La Fortuna is known for three major natural attractions and a variety of adrenalin packed adventures. It starts with the picture-perfect cone shaped Arenal Volcano, continues with a 26 mile-long sapphire blue lake that contrasts magically with the surrounding vibrant green hills, and finally the volcanic hot springs are found throughout the community. There are a variety of ways to experience the attractions. Adventure tour guides escort tourist on ATVs, across zip-lines, on horseback, and on river-rafts. It’s a real treat to find adventures before they are popular. It fells organic.
Cavernas el Venado is located approximately 45 minutes from La Fortuna and one hour down a dirt road from Nuevo Arenal. To explore the caves, a guided tour is mandatory. Solo explorations are forbidden for your safety, and the safety of the caves. It costs $22 per person. The caves are not well known, and are off of the main tourist circuit, which may translate to a monolingual Spanish speaking guide, like it did on my recent visit. While I do speak intermediate Spanish, at times it was hard to understand his words of guidance over the sound of the rivers and echoes throughout the environment. For two and a half hours I crawled through elaborate tunnels, waded through underground rivers and crossed under sub-terrain waterfalls with my wife and two other Costa Rican tourists. It was like a whole new world. I no longer could remember if it was morning or afternoon. My eyes settled into the darkness and I was left in awe at ever bend met with a sub-terrain waterfall or river. Our guide shared with us that 17 million years prior these caves were underwater, as he showed us the sea shell fossils as evidence.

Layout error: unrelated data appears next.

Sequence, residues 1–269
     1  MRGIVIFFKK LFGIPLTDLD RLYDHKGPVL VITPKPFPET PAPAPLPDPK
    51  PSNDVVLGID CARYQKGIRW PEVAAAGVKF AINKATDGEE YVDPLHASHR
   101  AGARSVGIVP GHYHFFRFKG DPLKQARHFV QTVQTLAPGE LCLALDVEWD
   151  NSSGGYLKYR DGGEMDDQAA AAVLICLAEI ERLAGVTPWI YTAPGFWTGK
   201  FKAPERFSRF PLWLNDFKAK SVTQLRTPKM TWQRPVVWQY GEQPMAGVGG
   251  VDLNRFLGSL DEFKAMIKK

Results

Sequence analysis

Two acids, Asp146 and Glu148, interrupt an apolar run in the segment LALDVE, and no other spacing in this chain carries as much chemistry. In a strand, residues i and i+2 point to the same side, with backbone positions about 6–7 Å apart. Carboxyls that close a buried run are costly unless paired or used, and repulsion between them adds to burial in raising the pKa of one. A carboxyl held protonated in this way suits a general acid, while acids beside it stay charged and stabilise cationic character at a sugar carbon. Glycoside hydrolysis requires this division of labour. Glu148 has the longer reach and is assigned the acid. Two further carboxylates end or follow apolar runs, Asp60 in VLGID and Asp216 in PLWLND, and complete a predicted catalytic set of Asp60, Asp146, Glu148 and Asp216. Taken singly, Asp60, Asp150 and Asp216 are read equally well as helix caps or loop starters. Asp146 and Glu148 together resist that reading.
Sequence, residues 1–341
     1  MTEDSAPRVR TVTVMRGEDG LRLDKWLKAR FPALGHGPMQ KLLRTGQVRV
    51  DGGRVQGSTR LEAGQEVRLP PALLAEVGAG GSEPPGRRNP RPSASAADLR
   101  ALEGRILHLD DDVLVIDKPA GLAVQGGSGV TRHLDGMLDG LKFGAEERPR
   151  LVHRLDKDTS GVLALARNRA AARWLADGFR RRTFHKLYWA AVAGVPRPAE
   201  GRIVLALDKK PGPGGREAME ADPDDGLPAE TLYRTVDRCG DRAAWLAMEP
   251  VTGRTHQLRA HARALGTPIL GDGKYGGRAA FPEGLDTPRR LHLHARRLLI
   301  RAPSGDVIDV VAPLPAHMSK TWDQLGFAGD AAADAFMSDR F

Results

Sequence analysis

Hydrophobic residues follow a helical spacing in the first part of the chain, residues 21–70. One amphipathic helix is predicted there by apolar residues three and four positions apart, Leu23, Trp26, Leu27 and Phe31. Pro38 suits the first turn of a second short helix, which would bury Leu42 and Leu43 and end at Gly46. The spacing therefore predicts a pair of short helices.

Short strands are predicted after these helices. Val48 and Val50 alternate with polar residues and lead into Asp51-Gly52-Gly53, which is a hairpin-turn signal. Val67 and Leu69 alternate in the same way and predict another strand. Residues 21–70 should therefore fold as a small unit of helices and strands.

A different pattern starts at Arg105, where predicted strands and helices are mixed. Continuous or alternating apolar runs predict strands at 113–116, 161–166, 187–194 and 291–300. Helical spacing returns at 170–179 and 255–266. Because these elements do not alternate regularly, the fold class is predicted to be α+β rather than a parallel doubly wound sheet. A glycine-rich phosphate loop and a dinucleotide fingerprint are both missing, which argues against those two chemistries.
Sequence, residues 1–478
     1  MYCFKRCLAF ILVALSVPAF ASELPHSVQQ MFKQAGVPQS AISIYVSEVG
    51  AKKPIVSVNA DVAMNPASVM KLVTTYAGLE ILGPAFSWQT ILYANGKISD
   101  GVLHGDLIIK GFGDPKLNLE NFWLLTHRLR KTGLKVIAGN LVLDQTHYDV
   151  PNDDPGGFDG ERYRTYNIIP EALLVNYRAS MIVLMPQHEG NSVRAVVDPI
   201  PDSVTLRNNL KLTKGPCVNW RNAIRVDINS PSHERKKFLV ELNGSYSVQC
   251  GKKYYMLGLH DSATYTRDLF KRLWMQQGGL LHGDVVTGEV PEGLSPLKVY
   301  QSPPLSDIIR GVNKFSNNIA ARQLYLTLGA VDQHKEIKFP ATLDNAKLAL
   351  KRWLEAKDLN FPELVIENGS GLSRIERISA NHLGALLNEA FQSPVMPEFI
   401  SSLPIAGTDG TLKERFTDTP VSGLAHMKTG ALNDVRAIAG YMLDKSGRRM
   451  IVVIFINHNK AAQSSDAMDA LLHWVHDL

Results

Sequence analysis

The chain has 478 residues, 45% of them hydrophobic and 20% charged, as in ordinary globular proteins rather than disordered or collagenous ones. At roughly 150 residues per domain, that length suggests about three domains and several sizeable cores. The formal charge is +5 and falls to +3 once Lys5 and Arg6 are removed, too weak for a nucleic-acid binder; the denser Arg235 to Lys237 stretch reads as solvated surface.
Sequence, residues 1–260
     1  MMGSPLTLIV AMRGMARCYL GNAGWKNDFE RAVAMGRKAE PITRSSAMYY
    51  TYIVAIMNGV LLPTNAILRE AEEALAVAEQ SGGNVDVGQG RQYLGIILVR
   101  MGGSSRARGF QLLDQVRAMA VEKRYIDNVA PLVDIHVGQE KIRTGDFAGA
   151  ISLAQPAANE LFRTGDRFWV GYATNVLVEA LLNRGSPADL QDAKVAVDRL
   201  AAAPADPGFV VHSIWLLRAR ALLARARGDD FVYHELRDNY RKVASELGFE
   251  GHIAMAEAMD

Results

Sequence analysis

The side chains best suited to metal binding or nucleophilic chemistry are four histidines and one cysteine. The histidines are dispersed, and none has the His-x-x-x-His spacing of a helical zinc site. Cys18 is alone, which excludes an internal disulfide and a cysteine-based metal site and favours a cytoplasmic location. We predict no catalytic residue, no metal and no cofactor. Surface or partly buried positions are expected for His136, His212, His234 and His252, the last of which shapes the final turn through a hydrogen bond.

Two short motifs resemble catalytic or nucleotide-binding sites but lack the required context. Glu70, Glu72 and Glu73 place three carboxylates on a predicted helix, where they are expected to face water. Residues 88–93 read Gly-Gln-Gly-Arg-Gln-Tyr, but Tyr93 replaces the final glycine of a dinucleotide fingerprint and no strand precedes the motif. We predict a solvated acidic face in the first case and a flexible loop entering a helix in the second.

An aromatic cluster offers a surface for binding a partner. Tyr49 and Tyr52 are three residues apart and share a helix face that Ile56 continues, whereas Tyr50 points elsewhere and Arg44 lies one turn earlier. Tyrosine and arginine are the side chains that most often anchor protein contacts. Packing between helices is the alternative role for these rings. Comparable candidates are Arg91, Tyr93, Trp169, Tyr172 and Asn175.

We were not alone, however. We were guests in the home of enormous scorpion-spiders, crickets, vampire and fruit bats. We observed the bats sleeping alone and in large groups. If we kept a flashlight on them long enough they flew down towards us. You need to be mindful where you place your hands while climbing, because what goes up must come down. Here, it was in the form of bat dung. The latter, is also the reason why you cannot drink the fresh spring water. There was natural quartz, limestone, and a variety of other rock creating stalagmites, and stalactites, or pointy icicle looking structures. On rare occasions, pumas and warthogs have been observed in the tunnels.
I would not recommend this expedition for the claustrophobic. One of the holes that you climb through is named, “The berthing hole.” In order to make it through you have to place your arms through first and wiggle out, similar to a “re-birthing.” One of the men on the tour with us was celebrating his birthday. It was a very symbolic gesture when he was “re-birthed.” For those without spacial phobias, this is a must do!
Two more tips that I will pass on is, bring your own flashlight and prepare to get wet. The helmets and headlamps provided serve well for protection, however, about half of the headlamps were very dim. As far as clothing and photography equipment goes make sure and wear clothing that is comfortable after it is soaked, and that your camera is shock and waterproof. As a photographer and videographer I carry my equipment in the Nanuk 915 a shock and waterproof case that floats! There were many sections that I was crawling in water where I simply let my case float in front of me, pushing it forward ahead of me.
After exiting the caves my wife and I decided that a visit to the free hot springs in La Fortuna was in order. Soaking in the warm river was a clear thank you to our bodies for getting us through each hole, tunnel, and narrow passage.
To learn more about how you can move, live, work, and retire in Costa Rica see, Becoming an Expat: Costa Rica.